On Wednesday, Journal News competitor the Rockland County Times reported that an editor involved in the story and over two dozen others had been laid off as part of a nationwide cost-cutting move by Journal News parent Gannett (bolds are mine; HT to via Instapundit, Doug Powers at Michelle Malkin's place, and Ace):

By Noel Sheppard | | August 11, 2013 | 1:24 PM EDT

Ted Koppel made a fascinating observation about terrorism and the recent embassy evacuations that certainly won't please President Obama or his supporters in the media.

Appearing on NBC's Meet the Press, Koppel said, "With a conference call, Al Qaeda has effectively shut down 20 U.S. embassies around north Africa and the Middle East...The terrorists have achieved more with one phone call than we have achieved with all our response" (video follows with transcript and commentary):

By Noel Sheppard | | August 11, 2013 | 12:01 PM EDT

Former newspaper publisher Conrad Black made some interesting observations about the media Sunday.

After telling CNN’s Fareed Zakaria, “I don't think the majority of Americans would be quite as enthused about this administration as you are,” he proceeded to offer his opinion as to "why Rush Limbaugh has 30 million listeners and the network newscasts have declined” (video follows with transcript and commentary):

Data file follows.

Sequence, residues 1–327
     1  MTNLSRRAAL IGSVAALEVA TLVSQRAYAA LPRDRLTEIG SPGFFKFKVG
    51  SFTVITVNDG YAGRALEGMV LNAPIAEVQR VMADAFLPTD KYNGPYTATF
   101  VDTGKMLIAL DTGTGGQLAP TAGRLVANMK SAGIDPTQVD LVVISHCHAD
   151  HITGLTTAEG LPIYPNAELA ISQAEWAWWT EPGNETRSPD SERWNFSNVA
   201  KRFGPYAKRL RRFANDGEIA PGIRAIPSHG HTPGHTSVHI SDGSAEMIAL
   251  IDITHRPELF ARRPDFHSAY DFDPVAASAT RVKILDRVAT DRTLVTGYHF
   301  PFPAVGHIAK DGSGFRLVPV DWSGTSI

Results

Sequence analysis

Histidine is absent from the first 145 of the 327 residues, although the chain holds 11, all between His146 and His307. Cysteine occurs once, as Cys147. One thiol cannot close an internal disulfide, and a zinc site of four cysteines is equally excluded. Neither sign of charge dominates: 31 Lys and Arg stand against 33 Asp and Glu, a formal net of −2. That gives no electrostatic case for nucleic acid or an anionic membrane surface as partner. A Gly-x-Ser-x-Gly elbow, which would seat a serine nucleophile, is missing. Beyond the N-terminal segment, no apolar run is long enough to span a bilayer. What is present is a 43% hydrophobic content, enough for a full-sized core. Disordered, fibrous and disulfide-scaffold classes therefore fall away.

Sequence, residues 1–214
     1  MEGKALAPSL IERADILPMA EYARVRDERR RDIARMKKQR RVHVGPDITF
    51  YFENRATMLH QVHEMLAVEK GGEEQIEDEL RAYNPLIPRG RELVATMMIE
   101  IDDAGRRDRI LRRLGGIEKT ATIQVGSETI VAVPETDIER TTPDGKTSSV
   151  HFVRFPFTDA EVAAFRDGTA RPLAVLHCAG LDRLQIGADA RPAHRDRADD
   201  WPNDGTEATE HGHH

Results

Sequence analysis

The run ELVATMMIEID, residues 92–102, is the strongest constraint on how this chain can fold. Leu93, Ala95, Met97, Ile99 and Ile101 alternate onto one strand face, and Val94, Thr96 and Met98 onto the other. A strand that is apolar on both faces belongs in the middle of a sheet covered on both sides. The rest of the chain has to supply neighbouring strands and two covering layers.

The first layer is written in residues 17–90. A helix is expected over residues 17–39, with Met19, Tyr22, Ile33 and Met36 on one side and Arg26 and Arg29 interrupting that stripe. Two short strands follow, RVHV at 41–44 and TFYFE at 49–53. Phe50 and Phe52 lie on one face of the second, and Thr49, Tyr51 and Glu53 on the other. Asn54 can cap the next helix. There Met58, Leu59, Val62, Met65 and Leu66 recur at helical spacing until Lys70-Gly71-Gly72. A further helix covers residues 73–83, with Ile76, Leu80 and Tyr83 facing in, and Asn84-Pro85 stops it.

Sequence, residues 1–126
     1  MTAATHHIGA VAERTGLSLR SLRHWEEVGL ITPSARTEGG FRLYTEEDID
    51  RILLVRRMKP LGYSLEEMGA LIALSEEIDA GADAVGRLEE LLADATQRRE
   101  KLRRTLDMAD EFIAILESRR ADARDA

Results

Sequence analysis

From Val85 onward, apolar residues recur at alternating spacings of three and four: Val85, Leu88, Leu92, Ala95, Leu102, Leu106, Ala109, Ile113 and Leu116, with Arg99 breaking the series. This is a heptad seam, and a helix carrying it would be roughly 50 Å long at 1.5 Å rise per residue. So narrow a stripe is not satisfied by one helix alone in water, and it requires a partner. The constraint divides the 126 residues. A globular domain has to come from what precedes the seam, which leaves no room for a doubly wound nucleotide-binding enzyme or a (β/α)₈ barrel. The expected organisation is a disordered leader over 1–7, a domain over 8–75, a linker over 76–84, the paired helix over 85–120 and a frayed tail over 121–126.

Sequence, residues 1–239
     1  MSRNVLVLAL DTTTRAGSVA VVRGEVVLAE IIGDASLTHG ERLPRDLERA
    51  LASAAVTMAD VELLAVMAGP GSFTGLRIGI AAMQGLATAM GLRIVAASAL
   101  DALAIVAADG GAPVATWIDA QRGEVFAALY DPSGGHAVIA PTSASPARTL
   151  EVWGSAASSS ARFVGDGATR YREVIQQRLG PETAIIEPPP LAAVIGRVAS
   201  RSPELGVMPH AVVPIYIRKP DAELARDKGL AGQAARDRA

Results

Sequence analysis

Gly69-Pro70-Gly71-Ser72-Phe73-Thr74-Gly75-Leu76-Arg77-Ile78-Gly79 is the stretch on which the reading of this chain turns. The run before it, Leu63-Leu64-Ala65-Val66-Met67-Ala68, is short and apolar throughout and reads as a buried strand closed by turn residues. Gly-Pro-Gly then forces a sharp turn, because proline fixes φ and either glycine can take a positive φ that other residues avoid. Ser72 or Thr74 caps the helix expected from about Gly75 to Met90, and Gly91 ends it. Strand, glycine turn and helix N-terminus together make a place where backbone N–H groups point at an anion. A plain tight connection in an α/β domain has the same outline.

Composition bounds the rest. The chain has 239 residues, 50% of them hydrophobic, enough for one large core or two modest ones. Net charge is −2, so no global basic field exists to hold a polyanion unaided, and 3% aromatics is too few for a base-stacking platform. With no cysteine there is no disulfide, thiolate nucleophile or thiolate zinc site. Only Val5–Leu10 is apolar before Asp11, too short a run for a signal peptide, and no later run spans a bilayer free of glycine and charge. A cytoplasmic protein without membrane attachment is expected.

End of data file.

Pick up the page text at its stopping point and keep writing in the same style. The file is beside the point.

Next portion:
By Noel Sheppard | | August 11, 2013 | 10:45 AM EDT

Senator John McCain made an interesting observation Sunday about National Security Agency leaker Edward Snowden.

Appearing on Fox News Sunday, McCain said, “There's a young generation that believe that he is some kind of Jason Bourne.”

By Tom Blumer | | August 11, 2013 | 10:34 AM EDT

On Thursday, the Department of Labor announced that initial unemployment claims during the week ended August 3 rose to a seasonally adjusted 333,000, up from a revised 328,000 the previous week.

A "breaking" tweet from the Associated Press issued just a few minutes after the report's 8:30 a.m. (5:30 PT) release read as follows: "U.S. unemployment aid applications up only 5,000 to 333,000 - a level that signals steady job gains." The folks at properly wondered how rising jobless claims can lead to more jobs. The wire service abandoned the tweet's claim only 19 minutes after its release, and went as far as admitting that "hiring lags" in a longer, late afternoon item.

By Tim Graham | | August 11, 2013 | 8:24 AM EDT

Friday’s Washington Post carried a large article with color photographs of  Jesus-bashing author Reza Aslan called “The Book of Reza.” Post reporter Manuel Roig-Franzia mocked “the astonishingly absurd questions lobbed at him” by Fox News religion correspondent Lauren Green, asking why a Muslim would write about Jesus.

Aslan told the Post he held Fox in low esteem (like almost every leftist). “I know what Fox News is about,” he says. “This is a network that has spun fear-mongering about Muslims into ratings gold for 10 years.” But this didn't end up being a puff piece. Roig-Franzia found that the “absurd” Fox network accomplished something notable. Aslan implausibly inflated his academic resume, and then arrogantly dismissed he’d done anything unethical. Aslan is exposed: